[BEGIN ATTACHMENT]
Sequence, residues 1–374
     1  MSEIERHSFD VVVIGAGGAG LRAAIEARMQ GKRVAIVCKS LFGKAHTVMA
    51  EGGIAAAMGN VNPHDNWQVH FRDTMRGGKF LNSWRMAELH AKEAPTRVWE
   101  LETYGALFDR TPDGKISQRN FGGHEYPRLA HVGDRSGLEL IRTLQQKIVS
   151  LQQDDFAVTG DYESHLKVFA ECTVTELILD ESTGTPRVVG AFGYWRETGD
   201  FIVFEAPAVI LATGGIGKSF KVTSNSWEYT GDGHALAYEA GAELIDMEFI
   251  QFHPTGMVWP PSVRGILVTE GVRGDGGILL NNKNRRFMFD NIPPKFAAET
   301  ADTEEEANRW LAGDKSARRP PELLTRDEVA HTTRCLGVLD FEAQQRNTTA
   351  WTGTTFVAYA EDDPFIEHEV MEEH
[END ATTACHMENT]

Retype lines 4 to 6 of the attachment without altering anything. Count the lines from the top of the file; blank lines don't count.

   101  LETYGALFDR TPDGKISQRN FGGHEYPRLA HVGDRSGLEL IRTLQQKIVS
   151  LQQDDFAVTG DYESHLKVFA ECTVTELILD ESTGTPRVVG AFGYWRETGD
   201  FIVFEAPAVI LATGGIGKSF KVTSNSWEYT GDGHALAYEA GAELIDMEFI